Last night, I set out on another expedition to test WiFi connectivity using an OM1P Open Mesh router and a Ubiquiti Nanostation LOCO M2. There were two main objectives. The first was to test alien node connectivity, where an Open Mesh router from one mesh network connects to a nearby mesh router from another network. The other objective was to test connectivity with the Nanostation from a distance of roughly 270 meters.

Alien Nodes

One thing I expected from mesh routers was that they would look for a link to the Internet, even if on a separate SSID, and use that if the home network is not available. I'd asked if this could be done, and got a negative; so, I considered the matter dead. It turns out that an Open Mesh router will connect to another Open Mesh router with an open network if within range, even though it has a different SSID.

In other words, if JoesWiFi cannot connect to the JoesWiFi gateway, it will jump to JudysWiFi and use that as a gateway. This is all provided that JudysWiFi also uses an Open Mesh router with open security.

To me, the ability to use alien nodes is a positive. This means that if you are building a community wireless network, neighbors can customize their settings locally; but, they can still participate in the public mesh. In this way, each network can choose a different splash page, if desired; but, neighbors can still mesh with the best available connections.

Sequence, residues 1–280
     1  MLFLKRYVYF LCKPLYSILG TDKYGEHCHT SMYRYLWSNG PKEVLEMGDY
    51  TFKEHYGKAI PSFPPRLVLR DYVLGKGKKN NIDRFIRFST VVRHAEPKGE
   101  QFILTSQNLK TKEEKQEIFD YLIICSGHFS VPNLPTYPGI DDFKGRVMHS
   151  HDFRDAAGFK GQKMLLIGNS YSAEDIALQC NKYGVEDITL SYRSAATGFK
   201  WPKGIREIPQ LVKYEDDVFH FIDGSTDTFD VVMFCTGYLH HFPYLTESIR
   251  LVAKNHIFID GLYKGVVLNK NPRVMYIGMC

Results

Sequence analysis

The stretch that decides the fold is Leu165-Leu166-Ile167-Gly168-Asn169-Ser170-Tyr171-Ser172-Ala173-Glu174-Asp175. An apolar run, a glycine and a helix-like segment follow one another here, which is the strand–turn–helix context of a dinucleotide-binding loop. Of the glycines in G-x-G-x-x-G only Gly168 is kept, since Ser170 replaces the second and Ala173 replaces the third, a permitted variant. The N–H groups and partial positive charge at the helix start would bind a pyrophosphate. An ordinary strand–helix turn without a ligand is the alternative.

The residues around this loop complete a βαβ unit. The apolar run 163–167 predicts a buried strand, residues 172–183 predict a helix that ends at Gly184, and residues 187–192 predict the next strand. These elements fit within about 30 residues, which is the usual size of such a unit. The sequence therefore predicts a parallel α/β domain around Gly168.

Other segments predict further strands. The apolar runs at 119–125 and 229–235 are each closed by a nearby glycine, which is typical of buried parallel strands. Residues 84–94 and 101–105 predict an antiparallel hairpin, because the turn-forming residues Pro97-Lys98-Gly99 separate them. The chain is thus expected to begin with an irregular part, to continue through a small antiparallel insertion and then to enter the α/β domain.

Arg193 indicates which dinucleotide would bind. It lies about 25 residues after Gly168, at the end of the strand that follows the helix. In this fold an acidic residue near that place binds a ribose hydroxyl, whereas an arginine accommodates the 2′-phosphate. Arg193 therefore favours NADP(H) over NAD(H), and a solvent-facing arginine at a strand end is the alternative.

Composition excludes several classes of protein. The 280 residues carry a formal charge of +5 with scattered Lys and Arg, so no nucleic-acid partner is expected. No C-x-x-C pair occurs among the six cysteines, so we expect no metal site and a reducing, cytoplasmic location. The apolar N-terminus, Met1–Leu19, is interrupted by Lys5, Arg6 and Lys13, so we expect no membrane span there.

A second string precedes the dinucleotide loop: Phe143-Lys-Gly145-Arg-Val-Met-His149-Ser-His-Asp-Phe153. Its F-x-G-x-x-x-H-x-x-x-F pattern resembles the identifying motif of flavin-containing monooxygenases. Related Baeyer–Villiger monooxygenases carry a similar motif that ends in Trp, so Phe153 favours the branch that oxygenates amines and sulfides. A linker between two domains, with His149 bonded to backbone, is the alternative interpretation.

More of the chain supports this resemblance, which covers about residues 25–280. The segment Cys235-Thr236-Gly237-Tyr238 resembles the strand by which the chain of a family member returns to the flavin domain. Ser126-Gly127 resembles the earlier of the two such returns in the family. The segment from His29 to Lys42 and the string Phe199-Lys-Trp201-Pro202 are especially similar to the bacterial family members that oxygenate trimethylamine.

In any case, I meshed my router with a nearby gateway with a different SSID. Then, I used my mesh router to run a cable over to the Ubiquiti radio, serving as an access point.

Connecting With Uneven Gain

The second part of the experiment involved pointing the Ubiquiti radio to a park about 270 meters away. This is nothing exciting given the power of the Nanostation. However, the unit was about 4 feet off the ground and roughly aimed, hardly ideal. Even so, I was able to get 2 to 3 Mbps throughput. Again, this is hardly exciting as Nanostations can easily connect with another high gain unit over a handful of kilometers.